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Colby, K.M. (1952). Journal of Mental Science. XCVII, 1951: Frontal Lobe Function and the African. J. C. Carothers. Pp. 12–48.. Psychoanal Q., 21:594-595.
    
Psychoanalytic Electronic Publishing: Journal of Mental Science. XCVII, 1951: Frontal Lobe Function and the African. J. C. Carothers. Pp. 12–48.

(1952). Psychoanalytic Quarterly, 21:594-595

Journal of Mental Science. XCVII, 1951: Frontal Lobe Function and the African. J. C. Carothers. Pp. 12–48.

Kenneth Mark Colby

The only reason this paper merits review is that it is one of the more complete guides to the lowest levels of psychiatric thinking and writing, an example of psychiatry in the service of class prejudice.

To prove his remarkable conclusion, 'African peculiarities can be explained as due to a relative idleness of the frontal lobes', Carothers goes through the following maneuvers: first he summarizes observations made in a previous article on African (Kenya Colony) mental derangement, viz. (a) there is a low incidence of insanity among Africans living in their natural environment; (b) general paralysis, arteriosclerosis, paranoia and manic depressive insanity are rare; (c) involutional melancholia occurred but consistently without ideas of guilt; (d) 'frenzied anxiety' is common, and (e) obsessional neuroses are never seen. He then adds his current feeling that the African resembles the European psychopath in that 'his behavior is largely determined by his passing emotions, he lacks foresight, perseverance and sustained determination, and his unreliability and irresponsibility are notorious from a European viewpoint' (italics added). To illustrate the African's lack of 'social sense' the author cites an example: 'the attendants of a condemned murderer are quite likely to jest crudely about his future in his presence'.

The choicest part of the paper concerns a study of African 'reliability'. Employers of even the most intelligent and well-educated Africans are frequently 'let down' by them. Here are some examples with Carother's complaining interpretations in parentheses: A cook took a basket of vegetables out of a car and left the back door open so that it broke when the car was driven into the garage. ('From the cook's point of view the car door was merely something to open to collect the vegetables; the other aspects of the door's situation in space and time would hardly occur to him.') A good mental hospital attendant of fifteen year's service, after his normal home leave, asked for additional leave to visit a sick relative. This was not allowed and he was told if he insisted he would be discharged, sacrificing his high pay and a gratuity due him. He insisted on leaving, said he would return and begin again at the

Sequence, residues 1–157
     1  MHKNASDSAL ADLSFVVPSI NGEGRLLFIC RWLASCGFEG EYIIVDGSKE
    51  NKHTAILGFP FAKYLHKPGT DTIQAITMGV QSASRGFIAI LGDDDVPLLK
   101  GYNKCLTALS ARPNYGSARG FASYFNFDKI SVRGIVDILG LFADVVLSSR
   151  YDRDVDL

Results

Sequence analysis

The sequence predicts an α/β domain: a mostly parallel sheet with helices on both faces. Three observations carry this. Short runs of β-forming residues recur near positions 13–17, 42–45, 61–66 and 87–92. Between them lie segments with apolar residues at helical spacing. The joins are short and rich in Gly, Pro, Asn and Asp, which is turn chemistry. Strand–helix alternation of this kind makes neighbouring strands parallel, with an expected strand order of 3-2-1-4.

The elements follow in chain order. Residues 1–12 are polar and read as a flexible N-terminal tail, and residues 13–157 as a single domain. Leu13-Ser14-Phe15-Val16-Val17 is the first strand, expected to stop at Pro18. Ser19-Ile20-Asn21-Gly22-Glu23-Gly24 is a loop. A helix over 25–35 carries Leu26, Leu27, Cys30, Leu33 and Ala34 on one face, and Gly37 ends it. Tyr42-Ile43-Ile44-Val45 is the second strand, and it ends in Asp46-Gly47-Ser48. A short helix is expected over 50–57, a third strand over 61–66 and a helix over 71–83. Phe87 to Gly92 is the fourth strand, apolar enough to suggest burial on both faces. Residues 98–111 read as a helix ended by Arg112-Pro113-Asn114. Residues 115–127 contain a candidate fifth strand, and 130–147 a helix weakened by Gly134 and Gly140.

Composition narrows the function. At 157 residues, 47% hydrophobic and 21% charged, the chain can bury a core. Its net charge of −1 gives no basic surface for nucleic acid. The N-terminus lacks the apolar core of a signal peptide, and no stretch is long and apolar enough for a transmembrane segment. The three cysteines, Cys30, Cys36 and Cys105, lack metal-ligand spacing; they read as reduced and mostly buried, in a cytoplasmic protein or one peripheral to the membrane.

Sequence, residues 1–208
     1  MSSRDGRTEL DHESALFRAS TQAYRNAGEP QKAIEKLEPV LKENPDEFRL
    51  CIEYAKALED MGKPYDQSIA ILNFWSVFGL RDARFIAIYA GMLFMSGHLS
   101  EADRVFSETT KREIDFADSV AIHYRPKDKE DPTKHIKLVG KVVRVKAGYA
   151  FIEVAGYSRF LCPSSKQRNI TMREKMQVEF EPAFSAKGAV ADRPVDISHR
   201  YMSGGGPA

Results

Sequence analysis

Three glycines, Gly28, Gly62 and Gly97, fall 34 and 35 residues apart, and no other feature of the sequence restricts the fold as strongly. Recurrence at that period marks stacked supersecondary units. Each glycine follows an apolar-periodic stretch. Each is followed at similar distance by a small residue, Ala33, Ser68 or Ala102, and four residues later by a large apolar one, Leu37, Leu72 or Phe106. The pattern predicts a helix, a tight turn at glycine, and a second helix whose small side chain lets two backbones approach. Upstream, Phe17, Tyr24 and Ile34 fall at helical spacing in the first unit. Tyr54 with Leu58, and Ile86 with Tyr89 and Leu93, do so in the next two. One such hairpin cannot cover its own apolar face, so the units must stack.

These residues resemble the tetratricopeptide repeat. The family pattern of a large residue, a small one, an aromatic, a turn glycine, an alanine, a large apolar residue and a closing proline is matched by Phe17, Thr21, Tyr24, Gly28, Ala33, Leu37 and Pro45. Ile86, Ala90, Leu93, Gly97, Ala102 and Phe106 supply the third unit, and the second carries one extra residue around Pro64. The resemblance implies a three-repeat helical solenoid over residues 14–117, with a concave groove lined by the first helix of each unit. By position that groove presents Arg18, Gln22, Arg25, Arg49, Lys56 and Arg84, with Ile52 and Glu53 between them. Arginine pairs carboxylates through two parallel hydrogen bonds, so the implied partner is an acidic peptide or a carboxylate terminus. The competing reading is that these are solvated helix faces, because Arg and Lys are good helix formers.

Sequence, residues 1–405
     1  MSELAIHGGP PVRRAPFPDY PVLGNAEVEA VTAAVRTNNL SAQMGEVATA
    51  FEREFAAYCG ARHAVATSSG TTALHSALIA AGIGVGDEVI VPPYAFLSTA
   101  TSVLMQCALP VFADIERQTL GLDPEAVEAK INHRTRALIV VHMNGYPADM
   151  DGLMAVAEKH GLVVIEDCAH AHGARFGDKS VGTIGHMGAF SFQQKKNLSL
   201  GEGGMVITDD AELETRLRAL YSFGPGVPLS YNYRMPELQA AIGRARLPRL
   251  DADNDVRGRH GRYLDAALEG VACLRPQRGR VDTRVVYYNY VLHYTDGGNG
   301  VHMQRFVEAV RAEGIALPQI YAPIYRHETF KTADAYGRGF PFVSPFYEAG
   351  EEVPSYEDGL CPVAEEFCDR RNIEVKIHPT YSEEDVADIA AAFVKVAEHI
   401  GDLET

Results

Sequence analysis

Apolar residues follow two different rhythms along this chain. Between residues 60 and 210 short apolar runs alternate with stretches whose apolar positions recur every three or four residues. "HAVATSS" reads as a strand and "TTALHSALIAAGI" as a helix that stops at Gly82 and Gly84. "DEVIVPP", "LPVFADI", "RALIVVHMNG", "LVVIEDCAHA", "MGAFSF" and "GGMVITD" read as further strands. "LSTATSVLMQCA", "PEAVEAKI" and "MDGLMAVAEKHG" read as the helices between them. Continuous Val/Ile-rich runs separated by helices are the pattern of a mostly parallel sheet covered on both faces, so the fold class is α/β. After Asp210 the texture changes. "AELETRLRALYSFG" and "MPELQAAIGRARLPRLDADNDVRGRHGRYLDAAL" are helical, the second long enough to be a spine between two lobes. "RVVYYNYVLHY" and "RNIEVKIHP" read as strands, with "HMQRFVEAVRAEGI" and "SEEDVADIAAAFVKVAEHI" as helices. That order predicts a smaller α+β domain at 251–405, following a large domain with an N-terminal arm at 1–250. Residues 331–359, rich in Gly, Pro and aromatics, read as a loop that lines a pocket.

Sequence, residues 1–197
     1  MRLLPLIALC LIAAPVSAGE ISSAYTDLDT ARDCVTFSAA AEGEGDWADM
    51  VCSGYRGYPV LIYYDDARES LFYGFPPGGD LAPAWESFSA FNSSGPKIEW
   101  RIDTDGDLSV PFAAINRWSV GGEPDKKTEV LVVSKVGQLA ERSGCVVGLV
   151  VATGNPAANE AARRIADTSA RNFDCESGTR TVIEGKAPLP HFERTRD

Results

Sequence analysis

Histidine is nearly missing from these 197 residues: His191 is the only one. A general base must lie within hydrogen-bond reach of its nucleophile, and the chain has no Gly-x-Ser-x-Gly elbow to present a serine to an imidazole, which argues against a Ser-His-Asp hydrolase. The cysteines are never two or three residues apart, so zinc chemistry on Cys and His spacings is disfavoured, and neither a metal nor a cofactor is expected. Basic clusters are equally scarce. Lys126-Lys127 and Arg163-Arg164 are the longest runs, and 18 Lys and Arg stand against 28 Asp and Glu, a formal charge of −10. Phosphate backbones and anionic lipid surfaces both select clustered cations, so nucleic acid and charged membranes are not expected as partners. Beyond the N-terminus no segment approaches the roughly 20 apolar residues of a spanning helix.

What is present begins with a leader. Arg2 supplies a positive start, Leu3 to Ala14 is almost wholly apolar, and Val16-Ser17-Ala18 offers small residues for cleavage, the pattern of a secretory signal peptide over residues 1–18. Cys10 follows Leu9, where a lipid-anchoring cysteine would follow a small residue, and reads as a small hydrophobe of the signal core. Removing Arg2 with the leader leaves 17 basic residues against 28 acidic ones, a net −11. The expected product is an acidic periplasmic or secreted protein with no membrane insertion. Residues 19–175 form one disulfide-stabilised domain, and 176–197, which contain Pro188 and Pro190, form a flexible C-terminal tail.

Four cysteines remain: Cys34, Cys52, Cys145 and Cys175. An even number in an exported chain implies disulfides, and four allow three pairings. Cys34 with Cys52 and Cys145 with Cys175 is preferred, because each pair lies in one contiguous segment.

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bottom and in fact did so. ('This is an example of the precedence accorded to primitive custom even when it may ruin the subject's prospects within the European system and the latter is treated as quite unimportant and irrelevant when it conflicts with the African.') After listening to a scientific lecture the African student is apt to ask some trivial personal question. ('His interest is mainly egocentric and unacademic.')

It never occurs to Carothers that he and his fellow white men are engaged in interpersonal relationships with Africans in which the emotions of both groups are involved. He doesn't see the hatred and resentment of the African in 'unreliability' nor does he understand the already institutionalized processes through which Africans attempt to deal with white men. In good old colonial tradition he is astonished that a people rate their values above his. In short, the attitudes of Carothers himself provide a sadly revealing example of just the sort of person the oppressed African is struggling to cope with.

The final burst of psychiatric name-calling at these people who 'let one down' consists of showing that they are like leucotomized Europeans, hence they simply must not be using their frontal lobes. This lack of frontal lobe usage, in turn, explains the low incidence of insanity among Africans, including general paralysis, arteriosclerosis, paranoia, obsessional neuroses, etc.! One wonders how such a paper could receive audience in a scientific journal.

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Article Citation

Colby, K.M. (1952). Journal of Mental Science. XCVII, 1951. Psychoanal. Q., 21:594-595

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